x Abu Dhabi, UAEWednesday 26 July 2017

Fast food's low cost draws diners

An overwhelming number of UAE residents choose fast food so often because it is their least-expensive dining choice, a survey finds.

The number of fast food eaters is increasing everyday in the UAE because it's cheap and widely available. Fatima al Marzouqi / The National
The number of fast food eaters is increasing everyday in the UAE because it's cheap and widely available. Fatima al Marzouqi / The National

UAE residents include fast food in their diets because it is the least-expensive dining choice, a new survey says.

Fifty-nine per cent of the survey's respondents admit that they eat fast food at least once a week and about the same number - 60 per cent - said it represents good value for money.

The results are worrying to experts in the health and nutrition fields, as the country has a high percentage of obesity and diabetes.

"This is really the root of the problem," said Dania Bardaki, a nutritionist and dietician in Abu Dhabi.

"It is so much cheaper to eat a full meal at all the fast food chains that offer combo deals - a meal that's filling and often delicious - than it is to eat somewhere with healthier options cooked with fresh produce, or to buy groceries and make a healthy meal at home.

"Since that's the case, of course everyone is going to head to the food court at the mall and grab a burger or some fried chicken.".

The poll, conducted in March among 757 UAE residents, was commissioned by Al Aan TV's Nabd al Arab (Arabs' Pulse) programme and carried out by YouGov Siraj. The results have a margin of error of approximately four per cent,

Dana Shadid, a producer for the programme, said the results showed a lack of awareness about the risks of too much fast food.

"Despite some healthy options being available at some fast-food outlets, which have started offering salads or grilled chicken sandwiches with lighter dressing, I really doubt people make the healthier choice."

The poll cements that notion: 65 per cent of respondents were indifferent to the healthy options on offer at fast-food chains.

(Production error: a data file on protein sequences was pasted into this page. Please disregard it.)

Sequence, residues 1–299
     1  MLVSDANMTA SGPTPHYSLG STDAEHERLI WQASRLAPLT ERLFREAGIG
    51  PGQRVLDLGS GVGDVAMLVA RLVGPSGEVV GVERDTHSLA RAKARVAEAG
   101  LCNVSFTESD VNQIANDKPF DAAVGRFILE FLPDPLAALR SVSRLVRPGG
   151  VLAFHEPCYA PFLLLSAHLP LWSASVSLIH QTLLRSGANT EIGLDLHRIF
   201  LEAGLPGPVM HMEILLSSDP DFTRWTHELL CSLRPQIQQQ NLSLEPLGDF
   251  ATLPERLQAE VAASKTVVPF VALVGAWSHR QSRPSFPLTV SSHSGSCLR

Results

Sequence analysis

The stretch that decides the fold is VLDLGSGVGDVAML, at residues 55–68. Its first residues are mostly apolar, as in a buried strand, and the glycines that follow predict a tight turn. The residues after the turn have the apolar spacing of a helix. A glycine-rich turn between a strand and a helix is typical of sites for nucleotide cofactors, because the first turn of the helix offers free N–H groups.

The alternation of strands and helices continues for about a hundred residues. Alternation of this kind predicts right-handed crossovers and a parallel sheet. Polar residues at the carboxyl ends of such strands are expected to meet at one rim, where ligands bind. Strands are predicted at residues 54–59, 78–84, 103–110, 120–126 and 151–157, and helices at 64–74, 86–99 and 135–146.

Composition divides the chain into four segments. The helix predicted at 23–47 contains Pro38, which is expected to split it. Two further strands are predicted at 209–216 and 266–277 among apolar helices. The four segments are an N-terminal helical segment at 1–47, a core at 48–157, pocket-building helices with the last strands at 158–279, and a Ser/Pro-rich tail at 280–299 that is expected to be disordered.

Moreover, only one in four believed fast food was "not healthy at all". More than half agreed that it is unhealthy, but find it acceptable as a treat every once in a while, and 18 per cent consider it a healthy choice, as long as one does not eat too much of it.

Asked to select the three least healthy activities from a list of eight options, only 23 per cent chose "eating fast food". Seven out of 10 chose smoking followed by drinking alcohol (61 per cent), smoking shisha (47 per cent), not sleeping enough (28 per cent), not exercising enough (26 per cent), and drinking soft drinks (25 per cent).

"You cannot eliminate fast food from our lives," Ms Shadid said. "It's become a part of our culture whether we like it or not, but what you can do is introduce the idea of balance.

"If kids are taught at home and at school what constitutes healthy eating, and what are the right choices to make, and if they are taught the importance of exercise, then it balances out when they have a meal from a fast-food restaurant every once in a while."

But knowing what is healthy and living by that knowledge are different. Parents say one thing and do something else entirely, said Sami Tufaili, a family doctor in the capital.

"They know they have to eat several servings of fruits and vegetables a day and limit their carbohydrates and fat," he said. "But they give their kids chips as snacks; they make meals that include pasta and potatoes and rice, and they say fast food is bad but eat it anyway."

While six out of 10 respondents said they consume fast food at least once a week, they said they would eat it more often if certain conditions were met.

Two in five (41 per cent) said that they would be encouraged to eat more fast food if better-quality ingredients were used. One third admitted they would prefer fast-food outlets to have higher food-safety standards.

Nevertheless, more than a quarter (26 per cent) said the food-safety standards in fast-food outlets are better than other restaurants in the UAE, and more than a third (37 per cent) said there was no difference.

Additionally, more than half (58 per cent) were not concerned about whether fast food is made with locally sourced ingredients.

"I've always known that the burgers I like to eat at the international fast-food restaurants we have here are flown in frozen - nothing is fresh except maybe the lettuce and tomatoes in my sandwich," said Adam Beauchamp, 33, from the United States. "I don't mind that their meat and chicken and fries are all frozen; that means I'll get the same taste I'm used to."

hkhalaf@thenational.ae